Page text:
Parliament's Decision on Syria: Pulling Our Punches
The UK Parliament's decision not to intervene militarily in Syria marked an important watershed in UK defence and security policy. The consequences will be examined with interest by allies and potential adversaries alike.
30 Aug 2013
Assad's Allies are Only Just Warming Up
If the West must attack Syria, then it must be limited to give Assad a bloody nose and nothing more. Otherwise they shift the tide in favour of the rebels and elicit greater support from Assad's allies, who have greater reach into Syria.
30 Aug 2013
Eyes over Syria: Using Drones to Monitor Atrocities
The Syrian government has rejected 'utterly and completely' US claims that there was 'undeniable' proof of a regime-initiated chemical attack last week. To determine the truth, and deter further atrocities, we should deploy unarmed and unmanned aerial vehicles (UAV's).
27 Aug 2013
How Might Syria Come Back to the UK?
Day by day, the Syrian Civil War is attracting foreign fighters, particularly from Europe. While there is no clear evidence of such individuals being sent back to carry out terrorist acts, historically similar jihadist battlefields have produced terrorist threats of one form or another.
19 Aug 2013
Honeymoon in Tehran: Rouhani's first 100 days
Since his election as Iranian President, many Western commentators welcomed Hassan Rouhani as a 'moderate'. However, his cautious choice of a new Cabinet point to an administration focused on economic reconstruction rather than political change.
15 Aug 2013
Explaining Ergenekon: Civil Military Relations in Turkey's Post-Coup Era
For many in Turkey, the case against leading officers represents an end to the military's meddling in civilian politics. But the AKP government has failed to pursue with the same vigour, more prosaic changes to Turkish law that would help instil more civilian oversight over the Turkish armed forces.
7 Aug 2013
Al-Qa'ida's August Surprise?
US officials are speaking of a level of terrorist chatter as high as that prior to 11 September 2001. With Embassy closures across the Muslim world, large-scale prison breaks in Iraq, Libya and Pakistan, the threat tempo is rising. Is Al-Qa'ida planning an August surprise?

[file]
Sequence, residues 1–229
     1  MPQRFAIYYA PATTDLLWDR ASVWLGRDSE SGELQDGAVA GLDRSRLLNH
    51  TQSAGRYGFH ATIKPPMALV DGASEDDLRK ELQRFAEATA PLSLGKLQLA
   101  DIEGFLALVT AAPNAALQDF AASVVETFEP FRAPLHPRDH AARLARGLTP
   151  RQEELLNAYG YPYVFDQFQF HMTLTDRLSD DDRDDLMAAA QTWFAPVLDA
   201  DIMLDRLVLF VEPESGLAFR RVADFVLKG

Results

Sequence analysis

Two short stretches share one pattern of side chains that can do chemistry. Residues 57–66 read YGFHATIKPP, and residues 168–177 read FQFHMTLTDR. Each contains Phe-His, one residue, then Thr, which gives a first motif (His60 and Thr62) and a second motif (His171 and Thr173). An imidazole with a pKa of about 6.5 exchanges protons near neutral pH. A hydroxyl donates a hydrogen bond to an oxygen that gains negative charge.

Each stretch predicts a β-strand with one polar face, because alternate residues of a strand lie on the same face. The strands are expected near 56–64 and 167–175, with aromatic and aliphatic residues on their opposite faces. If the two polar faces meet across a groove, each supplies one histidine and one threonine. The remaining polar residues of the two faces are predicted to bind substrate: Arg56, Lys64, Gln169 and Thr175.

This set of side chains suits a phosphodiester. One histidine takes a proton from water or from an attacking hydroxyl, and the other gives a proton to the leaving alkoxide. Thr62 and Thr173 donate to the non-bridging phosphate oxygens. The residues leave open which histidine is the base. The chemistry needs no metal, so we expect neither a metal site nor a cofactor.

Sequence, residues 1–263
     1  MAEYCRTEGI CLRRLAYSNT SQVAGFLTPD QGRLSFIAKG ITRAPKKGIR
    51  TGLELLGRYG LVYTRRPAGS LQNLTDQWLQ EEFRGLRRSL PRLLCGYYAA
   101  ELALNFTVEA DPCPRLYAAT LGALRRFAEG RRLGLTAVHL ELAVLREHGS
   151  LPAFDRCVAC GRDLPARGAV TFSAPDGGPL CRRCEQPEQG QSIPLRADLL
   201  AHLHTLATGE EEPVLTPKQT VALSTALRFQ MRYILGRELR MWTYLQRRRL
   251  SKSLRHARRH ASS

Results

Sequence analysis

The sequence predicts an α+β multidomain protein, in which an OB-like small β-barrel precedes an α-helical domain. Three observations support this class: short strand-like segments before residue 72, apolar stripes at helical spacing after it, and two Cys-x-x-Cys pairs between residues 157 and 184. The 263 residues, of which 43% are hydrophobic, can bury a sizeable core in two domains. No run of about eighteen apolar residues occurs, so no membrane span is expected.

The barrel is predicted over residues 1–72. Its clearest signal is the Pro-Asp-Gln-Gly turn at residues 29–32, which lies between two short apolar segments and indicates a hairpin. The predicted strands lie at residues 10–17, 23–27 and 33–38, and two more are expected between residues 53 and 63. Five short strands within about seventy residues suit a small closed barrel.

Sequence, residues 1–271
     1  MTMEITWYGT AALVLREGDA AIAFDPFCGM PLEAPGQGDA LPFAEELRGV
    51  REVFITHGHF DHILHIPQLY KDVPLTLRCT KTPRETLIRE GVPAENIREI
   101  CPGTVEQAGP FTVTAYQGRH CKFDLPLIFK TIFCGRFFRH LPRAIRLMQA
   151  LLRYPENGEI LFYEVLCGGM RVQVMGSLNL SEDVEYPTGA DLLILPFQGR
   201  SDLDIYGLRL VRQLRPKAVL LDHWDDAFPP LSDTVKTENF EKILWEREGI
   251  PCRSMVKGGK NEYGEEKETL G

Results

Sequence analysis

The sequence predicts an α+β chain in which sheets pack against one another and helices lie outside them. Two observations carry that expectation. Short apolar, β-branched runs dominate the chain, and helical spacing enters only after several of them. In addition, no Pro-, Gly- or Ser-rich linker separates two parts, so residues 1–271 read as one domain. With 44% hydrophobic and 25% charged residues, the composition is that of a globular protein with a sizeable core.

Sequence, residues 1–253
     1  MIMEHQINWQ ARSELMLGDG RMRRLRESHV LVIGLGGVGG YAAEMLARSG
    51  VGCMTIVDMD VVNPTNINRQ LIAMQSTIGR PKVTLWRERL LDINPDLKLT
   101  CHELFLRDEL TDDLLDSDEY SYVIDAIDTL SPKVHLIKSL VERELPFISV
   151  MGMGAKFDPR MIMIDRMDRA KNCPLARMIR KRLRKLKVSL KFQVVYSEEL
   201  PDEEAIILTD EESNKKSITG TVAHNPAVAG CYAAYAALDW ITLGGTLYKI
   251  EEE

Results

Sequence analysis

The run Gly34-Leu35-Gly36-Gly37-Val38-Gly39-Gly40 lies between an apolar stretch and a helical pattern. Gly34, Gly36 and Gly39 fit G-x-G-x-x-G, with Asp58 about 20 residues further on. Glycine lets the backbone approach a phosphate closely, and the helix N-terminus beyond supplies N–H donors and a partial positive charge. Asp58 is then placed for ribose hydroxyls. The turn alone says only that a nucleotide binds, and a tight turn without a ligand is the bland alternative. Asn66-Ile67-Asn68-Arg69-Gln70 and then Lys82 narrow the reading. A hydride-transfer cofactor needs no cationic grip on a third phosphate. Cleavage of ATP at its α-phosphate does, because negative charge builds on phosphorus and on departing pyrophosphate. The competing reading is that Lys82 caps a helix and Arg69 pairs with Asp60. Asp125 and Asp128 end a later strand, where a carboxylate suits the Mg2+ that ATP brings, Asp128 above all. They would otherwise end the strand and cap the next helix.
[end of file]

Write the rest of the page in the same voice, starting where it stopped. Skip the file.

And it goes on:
5 Aug 2013
The Shia and the Battle for Survival
It could be argued that for the Shia of Iraq - who have consolidated power after decades, if not centuries of oppression - the Syrian conflict has transformed itself from one simply about realpolitik or a battle for the region to a battle for the very survival of the Shia.
30 Jul 2013
The National Risk Register's Value to Business and Communities
The 2013 National Risk Register (NRR) of civil emergencies was published by the government on 11 July. The risk profile for most communities and businesses remains complex and unpredictable, heightening the value of the general measures of resilience and business continuity planning that the NRR promotes.
26 Jul 2013
The Risks and Rewards of Alternative Approaches to Trident
The security risks posed by an alternative 'non-continuous' nuclear posture, as outlined in last week's Trident Alternatives Review, are inherently subjective. Financial (rather than strategic) arguments may come to dominate the alternatives debate - something the Liberal Democrats should bear in mind.
23 Jul 2013
Morsi's Overthrow: All Sides Must Now Be Held to Account
The Muslim Brotherhood can't escape blame for its ousting from power and Egypt's subsequent polarisation. If the international community can do anything, it is to persuade all political actors to refrain from violence and respect civil rights.
15 Jul 2013
Abu Qatada Leaves the United Kingdom
Abu Qatada symbolised an era of British jihadism that relied on radical preachers to motivate a generation of terrorists. His departure, alongside a general degradation of al Qaeda's capacity to launch large-scale orchestrated plots from Waziristan marks an end of an era that had its peak during the 7 July 2005 attacks on London.
9 Jul 2013